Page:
"From the outside it looks pretty swampy," Sen. Mitt Romney, R-Utah, told reporters days later, adding, "I certainly hope that any investigations that were being pursued that would relate to the President or donors or friends would be continued to be pursued."
Democratic lawmakers called for investigations into Barr's conduct, and have secured a date for him to testify in July.
South Carolina Republican Sen. Lindsey Graham, chairman of the Judiciary Committee and one of Barr's closest allies, called the handling of Berman's removal "inartful."
Graham expressed confidence that Barr acted properly, but also said he wouldn't allow a nomination to replace Berman to proceed unless he got agreement from New York's two senators, which isn't likely.
Graham also made it clear that he hadn't been consulted on Berman's removal or plans to nominate Clayton. That's an indication, some Justice officials say, of how badly Barr had miscalculated the Berman ouster.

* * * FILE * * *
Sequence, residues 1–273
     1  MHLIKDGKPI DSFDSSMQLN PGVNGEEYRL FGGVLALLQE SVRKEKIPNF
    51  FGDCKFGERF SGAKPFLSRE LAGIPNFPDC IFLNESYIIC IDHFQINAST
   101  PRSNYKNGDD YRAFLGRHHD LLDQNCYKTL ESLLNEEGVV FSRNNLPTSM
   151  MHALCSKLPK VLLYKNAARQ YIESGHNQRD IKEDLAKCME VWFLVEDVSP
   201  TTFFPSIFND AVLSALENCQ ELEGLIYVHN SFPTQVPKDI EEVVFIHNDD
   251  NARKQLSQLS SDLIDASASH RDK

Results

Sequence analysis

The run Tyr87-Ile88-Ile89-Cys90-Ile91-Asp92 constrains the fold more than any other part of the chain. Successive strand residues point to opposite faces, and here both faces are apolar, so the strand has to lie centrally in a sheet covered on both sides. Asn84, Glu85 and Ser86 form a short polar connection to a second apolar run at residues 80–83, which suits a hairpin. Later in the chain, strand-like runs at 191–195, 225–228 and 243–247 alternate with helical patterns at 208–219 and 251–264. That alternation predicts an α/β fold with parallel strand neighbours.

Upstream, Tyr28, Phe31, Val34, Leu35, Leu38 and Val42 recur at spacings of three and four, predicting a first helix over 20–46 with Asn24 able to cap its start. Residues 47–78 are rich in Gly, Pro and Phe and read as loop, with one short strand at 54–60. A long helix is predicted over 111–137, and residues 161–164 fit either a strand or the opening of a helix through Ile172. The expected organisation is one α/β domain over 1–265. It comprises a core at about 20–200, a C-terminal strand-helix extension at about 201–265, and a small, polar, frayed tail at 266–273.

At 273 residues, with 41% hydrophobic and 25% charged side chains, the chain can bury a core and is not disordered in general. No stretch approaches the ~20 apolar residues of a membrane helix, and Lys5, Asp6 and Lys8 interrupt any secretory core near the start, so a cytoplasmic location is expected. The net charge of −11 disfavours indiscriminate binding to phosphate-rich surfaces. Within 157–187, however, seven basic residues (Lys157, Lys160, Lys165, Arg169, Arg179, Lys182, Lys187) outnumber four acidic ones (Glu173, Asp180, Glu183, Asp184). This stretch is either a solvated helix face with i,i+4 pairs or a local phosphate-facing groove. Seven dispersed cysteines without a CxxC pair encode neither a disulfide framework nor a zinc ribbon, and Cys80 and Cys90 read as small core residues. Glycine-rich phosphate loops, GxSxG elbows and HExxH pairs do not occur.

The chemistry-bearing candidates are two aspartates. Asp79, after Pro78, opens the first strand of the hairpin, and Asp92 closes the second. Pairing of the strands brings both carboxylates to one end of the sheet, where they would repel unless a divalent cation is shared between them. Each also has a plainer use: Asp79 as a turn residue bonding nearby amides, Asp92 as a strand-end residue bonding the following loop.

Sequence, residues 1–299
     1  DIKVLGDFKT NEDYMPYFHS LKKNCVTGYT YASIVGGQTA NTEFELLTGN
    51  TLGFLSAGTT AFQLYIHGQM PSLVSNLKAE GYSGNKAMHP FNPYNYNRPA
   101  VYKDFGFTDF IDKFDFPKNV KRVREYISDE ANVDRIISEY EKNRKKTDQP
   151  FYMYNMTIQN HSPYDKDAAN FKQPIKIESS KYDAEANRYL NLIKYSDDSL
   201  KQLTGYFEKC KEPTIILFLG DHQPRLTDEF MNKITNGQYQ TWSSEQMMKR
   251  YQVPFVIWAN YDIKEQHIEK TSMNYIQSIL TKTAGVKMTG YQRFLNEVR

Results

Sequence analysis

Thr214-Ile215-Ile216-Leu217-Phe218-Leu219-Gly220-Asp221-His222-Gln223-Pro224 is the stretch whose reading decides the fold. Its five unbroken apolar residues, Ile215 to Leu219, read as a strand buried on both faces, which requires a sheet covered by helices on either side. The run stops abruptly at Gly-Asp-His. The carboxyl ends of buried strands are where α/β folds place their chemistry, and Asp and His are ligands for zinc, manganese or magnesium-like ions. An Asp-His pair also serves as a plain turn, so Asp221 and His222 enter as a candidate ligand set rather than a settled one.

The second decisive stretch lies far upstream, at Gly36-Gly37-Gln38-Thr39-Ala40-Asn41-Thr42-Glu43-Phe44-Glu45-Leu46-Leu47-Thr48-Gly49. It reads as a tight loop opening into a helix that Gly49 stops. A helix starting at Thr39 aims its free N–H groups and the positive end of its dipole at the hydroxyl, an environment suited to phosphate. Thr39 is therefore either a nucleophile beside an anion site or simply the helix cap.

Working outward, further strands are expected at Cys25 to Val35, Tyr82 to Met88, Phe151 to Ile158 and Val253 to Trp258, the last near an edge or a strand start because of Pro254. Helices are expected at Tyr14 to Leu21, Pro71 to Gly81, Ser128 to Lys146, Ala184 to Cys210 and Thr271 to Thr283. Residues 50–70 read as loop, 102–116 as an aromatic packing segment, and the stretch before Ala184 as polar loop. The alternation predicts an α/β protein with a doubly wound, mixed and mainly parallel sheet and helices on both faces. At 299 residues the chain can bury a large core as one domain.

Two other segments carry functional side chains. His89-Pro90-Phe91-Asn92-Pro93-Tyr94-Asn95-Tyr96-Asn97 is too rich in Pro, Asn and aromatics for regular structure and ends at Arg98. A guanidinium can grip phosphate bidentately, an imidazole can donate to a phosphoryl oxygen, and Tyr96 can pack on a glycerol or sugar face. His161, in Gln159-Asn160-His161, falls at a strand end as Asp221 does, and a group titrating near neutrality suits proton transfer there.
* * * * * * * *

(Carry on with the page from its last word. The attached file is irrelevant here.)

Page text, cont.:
"It's just not like Bill to paint himself into a cul-de-sac," said one friend of Barr, who declined to be identified by name.
The fallout from the Berman blunder extended to another prosecutor, New Jersey US Attorney Craig Carpenito, who Barr initially announced would temporarily oversee the Manhattan office.
Carpenito, in a conference call Saturday morning, told prosecutors and staff in his New Jersey office that had Barr called him on Friday and told him Berman was stepping down, and asked him to take over SDNY until Trump's nominee was confirmed by the Senate, according to a person familiar with the call. Carpenito said that he didn't know Berman was not resigning voluntarily. Talking Points Memo first reported the Carpenito call with prosecutors.
Justice officials have complained for years that Berman and prosecutors at SDNY, didn't follow normal protocols and were prone to surprise them in taking certain actions.